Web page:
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The event indeed showcased a remarkable diversity of backgrounds and talent. From the Chinese industry Jackie Chan, Wong Kar Wai, John Woo each took the stage to present or receive awards. Musical segments ranged from performances by K-Pop star Steve Yoo, Japanese-Brazillian bossa nova singer Lisa Ono, Avril Lavigne (Huading’s best global singer), who performed her hits “Girlfriend” and “Here’s to Never Growing Up,” along with an impassioned song from the winner of the best traditional Chinese opera singer category. 

With a few small logistical delays and no cap on acceptance speech lengths, the show ran nearly four hours. Translations of the proceedings were intermittent.

Stepping behind the podium late in the night to receive her best global actress in motion pictures trophy, Nicole Kidman thanked the crowd and said, “I haven’t understood all of it, but I’ve had a great time being a spectator.”

She added that she hopes to come back and make a film in China -- and to show her daughters the country someday.

Jackie Chan next presented Tarantino with the best global director in motion pictures award – a somewhat surprising honor for the celebrated pop auteur, given the difficulties he encountered in releasing his last film Django Unchained in China (it was suddenly pulled from theaters on its opening day in the country and only re-released weeks later after cuts were made to tone down its bloody sequences – Tarantino curtly declined to comment on the imbroglio when asked about it backstage Monday night).

Referring to the director as his ‘best friend’, Chan thanked Tarantino for all the years he supported both himself and Chinese cinema, back when “Jackie Chan was nobody.”

In his acceptance speech, Tarantino noted his lifelong love for Chinese martial arts cinema and said, “When I did Kill Bill, that was my tribute to y’all’s cinema. I shot that in Beijing at the Beijing Film Studios that Mao’s wife created, and I was there for a year shooting Kill Bill... I love Chinese cinema, so to get this from the Chinese people and Chinese film industry, means everything to me.”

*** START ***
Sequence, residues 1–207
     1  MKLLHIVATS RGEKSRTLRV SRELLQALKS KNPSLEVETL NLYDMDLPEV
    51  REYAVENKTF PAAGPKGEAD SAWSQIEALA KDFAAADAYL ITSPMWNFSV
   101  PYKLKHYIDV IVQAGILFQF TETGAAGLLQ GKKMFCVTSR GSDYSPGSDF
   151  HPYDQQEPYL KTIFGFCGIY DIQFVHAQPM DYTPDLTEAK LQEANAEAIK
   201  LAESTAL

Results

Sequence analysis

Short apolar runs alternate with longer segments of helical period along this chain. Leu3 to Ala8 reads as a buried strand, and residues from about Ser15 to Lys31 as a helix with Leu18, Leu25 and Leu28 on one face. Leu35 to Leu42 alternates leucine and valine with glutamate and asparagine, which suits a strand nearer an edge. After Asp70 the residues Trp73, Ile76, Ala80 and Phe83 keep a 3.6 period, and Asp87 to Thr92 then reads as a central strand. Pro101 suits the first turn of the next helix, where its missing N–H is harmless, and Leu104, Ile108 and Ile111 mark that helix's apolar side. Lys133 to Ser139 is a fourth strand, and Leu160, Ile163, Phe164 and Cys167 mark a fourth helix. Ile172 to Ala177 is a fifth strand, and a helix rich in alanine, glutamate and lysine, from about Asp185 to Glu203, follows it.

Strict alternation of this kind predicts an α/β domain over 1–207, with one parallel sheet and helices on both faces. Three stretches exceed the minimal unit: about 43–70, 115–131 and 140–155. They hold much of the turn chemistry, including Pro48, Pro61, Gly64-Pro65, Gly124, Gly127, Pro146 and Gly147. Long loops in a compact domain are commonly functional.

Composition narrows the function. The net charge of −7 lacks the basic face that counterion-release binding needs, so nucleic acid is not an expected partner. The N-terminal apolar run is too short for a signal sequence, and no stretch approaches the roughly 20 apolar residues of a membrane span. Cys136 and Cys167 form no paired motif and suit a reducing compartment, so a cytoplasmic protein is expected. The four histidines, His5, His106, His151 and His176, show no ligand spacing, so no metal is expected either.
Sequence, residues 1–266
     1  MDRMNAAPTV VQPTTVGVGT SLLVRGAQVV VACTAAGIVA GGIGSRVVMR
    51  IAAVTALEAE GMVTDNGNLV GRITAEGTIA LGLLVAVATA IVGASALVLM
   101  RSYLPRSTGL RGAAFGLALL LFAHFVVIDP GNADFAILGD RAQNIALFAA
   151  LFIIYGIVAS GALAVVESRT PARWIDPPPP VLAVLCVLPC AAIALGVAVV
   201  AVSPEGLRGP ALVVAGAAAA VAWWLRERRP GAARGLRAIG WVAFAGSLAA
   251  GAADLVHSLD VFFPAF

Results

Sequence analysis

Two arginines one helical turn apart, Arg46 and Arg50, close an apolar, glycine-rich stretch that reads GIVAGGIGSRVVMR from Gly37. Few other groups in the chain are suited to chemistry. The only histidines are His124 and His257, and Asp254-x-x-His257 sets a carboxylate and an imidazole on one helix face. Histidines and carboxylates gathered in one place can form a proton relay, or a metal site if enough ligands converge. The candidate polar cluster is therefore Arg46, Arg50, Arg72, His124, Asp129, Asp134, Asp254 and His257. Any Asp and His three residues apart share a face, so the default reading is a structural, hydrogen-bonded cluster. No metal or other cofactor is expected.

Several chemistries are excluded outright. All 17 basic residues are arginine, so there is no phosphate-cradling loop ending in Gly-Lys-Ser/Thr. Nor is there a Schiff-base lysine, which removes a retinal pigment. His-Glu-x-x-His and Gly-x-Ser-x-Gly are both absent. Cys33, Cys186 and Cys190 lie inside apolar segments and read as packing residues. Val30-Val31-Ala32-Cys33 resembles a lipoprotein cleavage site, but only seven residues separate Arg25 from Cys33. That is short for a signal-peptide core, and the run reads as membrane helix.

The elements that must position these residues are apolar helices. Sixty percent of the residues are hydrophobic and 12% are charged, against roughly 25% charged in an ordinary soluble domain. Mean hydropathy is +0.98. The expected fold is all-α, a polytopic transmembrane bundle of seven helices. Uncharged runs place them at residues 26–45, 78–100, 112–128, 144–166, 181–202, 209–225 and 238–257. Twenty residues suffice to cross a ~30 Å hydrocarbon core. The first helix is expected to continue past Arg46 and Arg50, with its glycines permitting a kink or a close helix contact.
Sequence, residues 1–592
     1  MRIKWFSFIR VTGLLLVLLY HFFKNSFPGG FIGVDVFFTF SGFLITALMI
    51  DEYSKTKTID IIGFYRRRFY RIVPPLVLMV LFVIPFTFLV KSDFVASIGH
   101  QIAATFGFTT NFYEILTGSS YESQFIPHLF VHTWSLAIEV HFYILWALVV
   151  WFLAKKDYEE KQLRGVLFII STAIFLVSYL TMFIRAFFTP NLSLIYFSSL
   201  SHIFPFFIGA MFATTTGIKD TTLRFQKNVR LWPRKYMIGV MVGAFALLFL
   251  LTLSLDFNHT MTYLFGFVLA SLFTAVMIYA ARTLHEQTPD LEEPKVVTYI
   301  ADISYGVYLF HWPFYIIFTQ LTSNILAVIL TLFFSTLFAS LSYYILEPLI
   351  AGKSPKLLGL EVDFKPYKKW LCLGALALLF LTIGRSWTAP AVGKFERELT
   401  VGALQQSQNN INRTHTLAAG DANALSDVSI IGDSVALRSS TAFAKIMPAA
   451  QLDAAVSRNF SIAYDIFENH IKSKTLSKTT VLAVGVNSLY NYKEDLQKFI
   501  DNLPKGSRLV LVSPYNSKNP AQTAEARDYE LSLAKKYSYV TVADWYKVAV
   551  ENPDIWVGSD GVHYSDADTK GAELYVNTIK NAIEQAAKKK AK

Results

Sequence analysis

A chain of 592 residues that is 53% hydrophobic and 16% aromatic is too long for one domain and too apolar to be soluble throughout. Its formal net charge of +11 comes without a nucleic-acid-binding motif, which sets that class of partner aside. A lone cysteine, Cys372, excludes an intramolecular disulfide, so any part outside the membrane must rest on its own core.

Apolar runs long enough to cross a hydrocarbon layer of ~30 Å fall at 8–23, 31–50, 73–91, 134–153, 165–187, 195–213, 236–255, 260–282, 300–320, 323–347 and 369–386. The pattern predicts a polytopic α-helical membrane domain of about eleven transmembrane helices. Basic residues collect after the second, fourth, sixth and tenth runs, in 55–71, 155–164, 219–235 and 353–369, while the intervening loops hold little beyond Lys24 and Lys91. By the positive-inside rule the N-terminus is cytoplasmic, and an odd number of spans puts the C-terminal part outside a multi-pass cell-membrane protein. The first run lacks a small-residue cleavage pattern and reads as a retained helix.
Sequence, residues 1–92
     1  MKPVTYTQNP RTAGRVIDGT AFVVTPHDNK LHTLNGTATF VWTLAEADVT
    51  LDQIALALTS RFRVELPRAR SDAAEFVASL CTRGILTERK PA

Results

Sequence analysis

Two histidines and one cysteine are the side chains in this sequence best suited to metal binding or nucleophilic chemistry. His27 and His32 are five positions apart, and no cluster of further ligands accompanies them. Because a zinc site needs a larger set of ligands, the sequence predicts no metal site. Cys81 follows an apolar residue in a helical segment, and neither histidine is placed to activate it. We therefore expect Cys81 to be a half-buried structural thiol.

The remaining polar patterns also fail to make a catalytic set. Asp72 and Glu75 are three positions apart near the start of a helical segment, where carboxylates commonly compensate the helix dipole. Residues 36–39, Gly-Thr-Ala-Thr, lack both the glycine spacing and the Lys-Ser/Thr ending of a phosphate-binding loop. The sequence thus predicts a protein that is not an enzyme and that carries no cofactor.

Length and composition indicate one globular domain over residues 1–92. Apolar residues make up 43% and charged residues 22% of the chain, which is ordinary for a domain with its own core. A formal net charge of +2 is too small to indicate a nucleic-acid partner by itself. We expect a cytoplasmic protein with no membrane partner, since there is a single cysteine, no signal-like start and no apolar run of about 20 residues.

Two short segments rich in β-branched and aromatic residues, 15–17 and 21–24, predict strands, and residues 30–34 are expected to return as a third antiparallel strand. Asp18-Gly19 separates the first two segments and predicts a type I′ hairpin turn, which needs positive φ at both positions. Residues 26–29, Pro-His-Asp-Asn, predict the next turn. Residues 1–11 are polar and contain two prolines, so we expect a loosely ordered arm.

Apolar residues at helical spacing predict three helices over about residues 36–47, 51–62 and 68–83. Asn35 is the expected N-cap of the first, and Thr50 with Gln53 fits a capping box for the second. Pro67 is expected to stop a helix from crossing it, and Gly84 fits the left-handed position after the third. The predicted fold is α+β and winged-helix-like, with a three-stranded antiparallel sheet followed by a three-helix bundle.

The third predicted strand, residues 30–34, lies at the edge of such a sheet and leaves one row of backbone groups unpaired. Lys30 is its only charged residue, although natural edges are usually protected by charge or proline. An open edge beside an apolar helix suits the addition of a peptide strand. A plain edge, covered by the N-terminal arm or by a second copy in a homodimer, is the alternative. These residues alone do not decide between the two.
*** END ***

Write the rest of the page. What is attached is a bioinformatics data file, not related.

Nicolas Cage told THR backstage that he flew in for the event from a village three hours south of Beijing, where he is currently filming Nick Powell’s Outcast, with Hayden Christensen and Yifei Liu – his first project in the country. “I was excited to do a film here, as I believe in the ‘genius loci’ of a place -- the 'genie' of the place is what I call it – and I absorb that energy and it affects performance. So I can tell you 100 percent, that making a movie in China, you know I’m buzzing with good energy.”

He added that he even plans to partially relocate to Hong Kong: “I want a base in Asia, and I decided that Hong Kong would be the perfect place for me to have a life.”

While approaching the stage to accept his award as best actor in motion pictures, Cage went out of his way to shake hands with a young Chinese boy seated near the front of the hall and wearing a Superman costume.

In beard and pony tail – presumably for his role in Outcast, in which he plays a warrior in Imperial China – Cage opened his arms dramatically as if to embrace the crowd and said: “Nihao, people of China. Xie xie, people of China. Wo ai ni men, people of China.” (“Hi, thanks, I love you people.”)

The awards are listed below.

Lifetime achievement award: Jeremy Irons
Best global actor in motion pictures: Nicolas Cage
Best global actress in motion pictures: Nicole Kidman
Best global singer: Avril Lavigne
Best global director in motion pictures: Quentin Tarantino
Best global actor in a TV series: Matthew Perry
Best global actress in a TV series: Michelle Dockery
Best global action movie actor: Sam Worthington
Best emerging global talent: Boo Boo Stewart